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IHH’s relief efforts much appreciated by Gazans
Orphan 13.02.2013

I saw what blockade means in Gaza. I saw empty medicine boxes, people who were disabled by war and desperate babies who were born premature or with abnormalities due to chemical bombs. I saw the desperation of cancer patients and kidney patients who need dialysis machine. I saw hours-long power cuts and kilometers-long gas queues. Yet the more important than all these, I saw existence of hope in Gaza this time in my second visit to the region.

When we enter Gaza from Egypt’s Rafah Border Crossing, a friend from the team which have come to welcome us says: “Welcome to Ribat,” and our Gaza trip begins. We are proceeding toward the center of Gaza with the Palestinians who welcome every delegation coming from Turkey with open arms. Pile-up of garbage through the road attracts my attention. Officials say they have found no solution to dispose the garbage as they have no technology to dispose solid waste. Another official says: “We are trying to collect garbage with 1,500 donkey carts.” They say the number of garbage trucks given by the United Nations is insufficient.

As I take a glance at Gaza, constructions attract my attention. It is mostly construction materials which are brought from the increasing number of tunnels. Buildings, hospitals, roads and schools are being constructed. The increase in the number of tunnels has eventually reduced the price of construction materials. The price of one ton of iron which was sold for $, 3,000 before is around $1,000 now. The price of one sack of cement has fallen as low as $5.

Sitting in the most famous pastry shop of Gaza, I ask the waiter who served us the second plate of dessert why he made such a gesture. In response, he said: “IHH [Humanitarian Relief Foundation] reconstructed our homes which were demolished by war. Serving a plate of dessert cannot even be compared to IHH’s efforts it made for us.”IHH is carrying out significant projects in Gaza. I learned that IHH Humanitarian Relief Foundation is carrying out serious work in Gaza and caring for 10,000 orphans.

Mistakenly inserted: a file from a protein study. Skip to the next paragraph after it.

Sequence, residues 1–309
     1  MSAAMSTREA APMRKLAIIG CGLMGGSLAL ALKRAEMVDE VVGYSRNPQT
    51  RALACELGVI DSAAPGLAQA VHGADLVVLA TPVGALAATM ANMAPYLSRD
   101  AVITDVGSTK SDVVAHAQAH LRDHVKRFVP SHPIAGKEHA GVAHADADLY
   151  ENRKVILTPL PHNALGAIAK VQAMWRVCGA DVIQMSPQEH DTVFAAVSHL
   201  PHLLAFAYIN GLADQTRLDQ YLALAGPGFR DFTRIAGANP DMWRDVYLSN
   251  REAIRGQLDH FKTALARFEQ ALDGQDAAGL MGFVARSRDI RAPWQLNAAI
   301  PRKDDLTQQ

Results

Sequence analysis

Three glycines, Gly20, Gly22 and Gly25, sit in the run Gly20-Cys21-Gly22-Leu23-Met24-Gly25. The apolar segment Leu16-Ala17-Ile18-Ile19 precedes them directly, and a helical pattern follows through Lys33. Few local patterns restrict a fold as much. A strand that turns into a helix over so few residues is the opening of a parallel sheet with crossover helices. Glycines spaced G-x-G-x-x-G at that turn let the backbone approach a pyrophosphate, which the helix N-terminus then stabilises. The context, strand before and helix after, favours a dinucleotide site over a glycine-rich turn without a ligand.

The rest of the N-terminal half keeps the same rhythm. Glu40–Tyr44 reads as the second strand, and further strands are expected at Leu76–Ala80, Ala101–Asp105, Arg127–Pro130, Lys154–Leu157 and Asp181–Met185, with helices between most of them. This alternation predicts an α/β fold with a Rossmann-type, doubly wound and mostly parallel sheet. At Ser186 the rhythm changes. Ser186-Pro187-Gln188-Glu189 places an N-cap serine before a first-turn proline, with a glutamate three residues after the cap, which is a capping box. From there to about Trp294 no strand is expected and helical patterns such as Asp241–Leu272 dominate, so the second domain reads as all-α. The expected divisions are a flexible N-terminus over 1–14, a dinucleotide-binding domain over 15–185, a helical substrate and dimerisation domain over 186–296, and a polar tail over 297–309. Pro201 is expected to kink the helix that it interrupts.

It is impossible to tell how I was shocked upon witnessing the things at the Al-Shifa Hospital, the largest hospital in Gaza. The hospital’s delivery room is filled with babies who are born premature or with abnormalities. All the incubators are filled with these babies. When I ask why the number of these babies is so high, Eymen al Sahbani, head of the surgery department, said phosphorus bombs used by Israel in its last war on Gaza is the reason for this. He said there is also 50 percent rise in the number of cancer cases.

Receiving us at his office, Gaza Deputy Health Minister Dr. Hasan Khalaf said they made a list of the medicine and medical supplies on which there is a blockade. “210 of 460 essential medicine and 250 out of 900 medical consumables are not available in Gaza. Israel does not allow the entry of these medicine and medical consumables. It is impossible for us to bring these supplies from the tunnels. We are unable to bring the broken parts of medical devices, which have a cost of millions of dollars, due to the blockade. So, we cannot make use of those devices. We sometimes have to bring engineers from Egypt from tunnels,” he said.